“The grapes are very healthy and we’re looking forward to an excellent harvest,” writes my good friend Filena Ruppi, the better half of the Donato d’Angelo winery in Vulture (Basilicata), producer of one of my favorite expressions of Aglianico.
“As you can see, we are returning to the classic harvest times for Aglianico at the end of October.”
Like many grape growers, Donato and Filena are harvesting nearly two weeks later than they have in recent years. Across Italy, growers have reported that this harvest reminds them of the pre-climate change era.
They began harvesting this week (see image above).
When I recently visited the Tenuta Il Poggione in Montalcino, one of the writers on the trip asked winemaker Fabrizio Bindocci what Italian appellation showed the most promise in terms of fine wine production.
Without missing a beat, he responded Aglianico del Vulture.
At Sotto in Los Angeles, where I co-author the wine list, we do great work with Aglianico del Vulture, including Filena and Donato’s but also a number of fantastic producers (Musto Carmelitano, Carbone, Fucci among them) and I love the wines.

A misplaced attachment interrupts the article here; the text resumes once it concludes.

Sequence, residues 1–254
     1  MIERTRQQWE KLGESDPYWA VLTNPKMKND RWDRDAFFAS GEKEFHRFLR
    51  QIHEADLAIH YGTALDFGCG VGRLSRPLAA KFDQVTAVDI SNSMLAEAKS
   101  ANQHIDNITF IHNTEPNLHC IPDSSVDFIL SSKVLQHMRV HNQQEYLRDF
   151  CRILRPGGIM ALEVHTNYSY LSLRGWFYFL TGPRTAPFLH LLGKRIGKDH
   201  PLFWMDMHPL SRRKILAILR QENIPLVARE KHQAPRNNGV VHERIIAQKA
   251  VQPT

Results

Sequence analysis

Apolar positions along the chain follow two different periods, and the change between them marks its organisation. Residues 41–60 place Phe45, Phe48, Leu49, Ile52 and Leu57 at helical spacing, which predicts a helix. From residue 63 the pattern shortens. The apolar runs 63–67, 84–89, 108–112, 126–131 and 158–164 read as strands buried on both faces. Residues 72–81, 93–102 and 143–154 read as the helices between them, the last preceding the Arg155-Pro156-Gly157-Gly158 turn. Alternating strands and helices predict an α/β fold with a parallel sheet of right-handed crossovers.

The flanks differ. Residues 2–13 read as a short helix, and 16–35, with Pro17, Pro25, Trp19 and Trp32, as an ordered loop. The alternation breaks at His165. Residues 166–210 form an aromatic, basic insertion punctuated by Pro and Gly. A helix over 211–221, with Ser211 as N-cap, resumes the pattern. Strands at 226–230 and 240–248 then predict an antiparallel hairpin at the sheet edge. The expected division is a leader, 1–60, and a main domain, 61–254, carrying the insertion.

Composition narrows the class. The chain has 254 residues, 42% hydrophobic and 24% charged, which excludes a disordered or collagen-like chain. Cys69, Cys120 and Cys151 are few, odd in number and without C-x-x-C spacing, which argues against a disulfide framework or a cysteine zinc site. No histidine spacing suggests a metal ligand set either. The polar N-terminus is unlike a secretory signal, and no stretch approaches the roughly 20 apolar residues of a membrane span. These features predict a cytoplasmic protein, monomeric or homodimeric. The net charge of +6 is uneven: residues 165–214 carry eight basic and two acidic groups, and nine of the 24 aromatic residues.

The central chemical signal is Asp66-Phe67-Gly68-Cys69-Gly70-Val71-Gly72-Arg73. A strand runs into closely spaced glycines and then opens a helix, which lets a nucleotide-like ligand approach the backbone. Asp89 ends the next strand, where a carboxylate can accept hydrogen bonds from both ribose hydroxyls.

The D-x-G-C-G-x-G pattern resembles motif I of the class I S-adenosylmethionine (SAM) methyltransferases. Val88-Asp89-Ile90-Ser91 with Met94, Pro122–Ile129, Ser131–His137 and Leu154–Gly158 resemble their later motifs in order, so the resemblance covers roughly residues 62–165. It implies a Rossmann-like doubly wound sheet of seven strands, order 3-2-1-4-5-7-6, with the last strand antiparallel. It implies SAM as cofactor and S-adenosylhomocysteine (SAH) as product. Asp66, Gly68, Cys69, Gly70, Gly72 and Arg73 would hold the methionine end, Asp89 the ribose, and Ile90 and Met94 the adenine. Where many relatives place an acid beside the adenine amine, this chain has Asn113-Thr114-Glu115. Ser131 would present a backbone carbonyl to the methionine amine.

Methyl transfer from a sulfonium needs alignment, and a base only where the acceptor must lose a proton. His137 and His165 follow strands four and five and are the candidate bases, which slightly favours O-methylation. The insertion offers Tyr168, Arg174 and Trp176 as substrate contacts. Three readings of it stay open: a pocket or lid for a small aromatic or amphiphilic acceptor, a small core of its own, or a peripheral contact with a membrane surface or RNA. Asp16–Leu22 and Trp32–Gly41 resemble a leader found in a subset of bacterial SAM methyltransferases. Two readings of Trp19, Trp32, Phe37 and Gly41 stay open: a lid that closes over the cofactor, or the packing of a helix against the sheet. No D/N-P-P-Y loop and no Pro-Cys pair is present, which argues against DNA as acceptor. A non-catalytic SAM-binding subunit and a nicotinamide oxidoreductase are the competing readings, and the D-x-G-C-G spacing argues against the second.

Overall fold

Filena has just been elected the president of the Basilicata chapter of the Movimento Tursimo del Vino (Italy’s Wine Tourism Council) and I’m thrilled to see her breathe some life into this often forgotten wine tourism destination.
When Tracie P and I drove across Vulture last September, with little Georgia P in the back seat, we felt like we were at the end of the earth: the black and gold striations of the stark but beautiful landscape make it feel otherworldly. It’s no surprise that Pasolini filmed certain sequences of his life of Christ there (The Gospel According to St. Matthew, 1964).
That’s a photo of Mount Vulture I took last year.
And below is a wonderful photo that Tracie P snapped.
And with this dispatch from Filena, sent from the end of the earth, it would seem that the 2013 harvest in Italy has come to an end…